Atmospheric sources of anthropogenic and geogenic trace metals in Australian lichen and fungi

Liqin Wu, Cynthia Faye Isley, Heather K. Handley, Mark Patrick Taylor*

*Corresponding author for this work

Research output: Contribution to journalArticlepeer-review

5 Citations (Scopus)


Trace metals in archived lichen and fungi samples, dating back over 158 years, were measured to ascertain their potential to record temporal shifts in atmospheric source inputs, starting from the onset of industrial activity in Australia to the present. Lichen (Cladonia n = 85; Usnea n = 47) and fungi (Trametes n = 40) samples from the greater Sydney and Melbourne areas were analysed for their total aluminium (Al), cadmium (Cd), cobalt (Co), chromium (Cr), copper (Cu), iron (Fe), nickel (Ni), lead (Pb), titanium (Ti) and zinc (Zn) concentrations using inductively coupled mass-spectrometry. We determined enrichment factors (EFs) of each metal, normalised using Al concentration. All metal concentrations were input to the United States Environmental Protection Agency's Positive Matrix Factorisation (PMF) model to determine the probable contributing sources, with Sydney (n = 81) and Melbourne (n = 91) samples considered separately. Elevated EFs for Cd, Cu, Pb and Zn (14–1211) suggest that anthropogenic inputs have influenced lichen and fungi concentrations, whilst low EFs for Fe and Ti (1–4) imply geogenic source inputs. Elevated EFs for Pb in samples from 1932 to 2002 correspond with the 70-year period of leaded petrol emissions. PMF modelling determined four distinct source factors: Factor 1 – Cr, Co, Fe, Ni, Zn (19.8 % of the total recovered mass) corresponding to metalliferous industries; Factor 2 – Cd, Cu, Zn (5.3 %) typical of smelting, mining and coal combustion emissions; Factor 3 – Pb (6.6 %) dominated by leaded petrol emissions; Factor 4 – Al, Fe and Ti (68.2 %) relating to geogenic sources. The data show that archived Australian lichen and fungi samples provide effective biomarker proxies for atmospheric trace metal contamination. These new data, extending back to the mid-1800s, provide a more nuanced understanding of anthropogenic atmospheric pollution sources since the onset of post European industrialisation on the Australian continent.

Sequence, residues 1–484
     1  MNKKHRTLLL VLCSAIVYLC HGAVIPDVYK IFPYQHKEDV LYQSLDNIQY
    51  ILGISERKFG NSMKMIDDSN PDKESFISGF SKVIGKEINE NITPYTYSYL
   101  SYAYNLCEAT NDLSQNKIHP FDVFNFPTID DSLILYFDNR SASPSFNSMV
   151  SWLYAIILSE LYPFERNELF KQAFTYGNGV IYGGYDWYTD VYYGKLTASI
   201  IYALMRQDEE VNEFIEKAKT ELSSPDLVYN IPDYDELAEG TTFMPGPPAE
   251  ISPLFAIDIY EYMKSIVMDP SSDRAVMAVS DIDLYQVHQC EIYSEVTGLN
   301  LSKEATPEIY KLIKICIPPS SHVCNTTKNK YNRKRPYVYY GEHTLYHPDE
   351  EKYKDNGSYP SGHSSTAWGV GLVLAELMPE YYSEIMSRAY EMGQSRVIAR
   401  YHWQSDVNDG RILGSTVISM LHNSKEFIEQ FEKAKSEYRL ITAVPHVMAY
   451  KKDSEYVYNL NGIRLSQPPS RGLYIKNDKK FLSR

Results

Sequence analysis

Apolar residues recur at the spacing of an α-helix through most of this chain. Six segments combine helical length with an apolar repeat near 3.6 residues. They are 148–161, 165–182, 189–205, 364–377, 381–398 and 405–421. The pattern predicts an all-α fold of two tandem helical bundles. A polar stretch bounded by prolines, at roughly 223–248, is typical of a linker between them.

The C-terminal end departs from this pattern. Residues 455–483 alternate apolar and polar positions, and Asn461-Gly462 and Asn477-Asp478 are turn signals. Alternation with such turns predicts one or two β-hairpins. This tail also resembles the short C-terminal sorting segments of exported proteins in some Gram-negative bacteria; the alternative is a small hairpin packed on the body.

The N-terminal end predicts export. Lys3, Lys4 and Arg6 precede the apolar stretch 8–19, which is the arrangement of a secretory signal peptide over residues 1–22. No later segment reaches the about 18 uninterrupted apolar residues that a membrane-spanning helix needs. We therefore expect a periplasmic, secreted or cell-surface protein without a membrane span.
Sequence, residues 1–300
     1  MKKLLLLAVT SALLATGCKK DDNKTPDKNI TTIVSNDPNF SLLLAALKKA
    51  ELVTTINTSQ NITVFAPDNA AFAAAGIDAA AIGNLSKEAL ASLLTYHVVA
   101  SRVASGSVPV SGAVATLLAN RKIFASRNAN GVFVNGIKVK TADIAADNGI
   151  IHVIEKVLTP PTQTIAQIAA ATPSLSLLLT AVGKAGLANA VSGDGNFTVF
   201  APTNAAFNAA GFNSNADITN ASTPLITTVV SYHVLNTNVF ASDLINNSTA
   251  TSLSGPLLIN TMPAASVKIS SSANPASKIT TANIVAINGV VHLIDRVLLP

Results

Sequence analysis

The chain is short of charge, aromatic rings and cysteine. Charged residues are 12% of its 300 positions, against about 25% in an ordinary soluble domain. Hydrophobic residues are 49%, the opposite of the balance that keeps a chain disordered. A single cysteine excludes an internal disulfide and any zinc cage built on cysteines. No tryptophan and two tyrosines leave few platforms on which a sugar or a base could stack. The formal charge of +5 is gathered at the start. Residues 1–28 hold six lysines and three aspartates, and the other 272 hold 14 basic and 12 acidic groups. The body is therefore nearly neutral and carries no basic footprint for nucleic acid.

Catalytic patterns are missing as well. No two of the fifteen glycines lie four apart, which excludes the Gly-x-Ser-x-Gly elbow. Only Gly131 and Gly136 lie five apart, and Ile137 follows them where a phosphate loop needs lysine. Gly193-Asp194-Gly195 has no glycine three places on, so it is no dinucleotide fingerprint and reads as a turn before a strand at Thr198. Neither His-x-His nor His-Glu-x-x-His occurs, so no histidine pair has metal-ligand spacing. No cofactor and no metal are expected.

Original languageEnglish
Article number100279
Pages (from-to)1-10
Number of pages10
Publication statusPublished - Mar 2021


  • Atmospheric pollution
  • trace metals
  • Positive Matrix Factorisation (PMF)
  • Sydney
  • Melbourne


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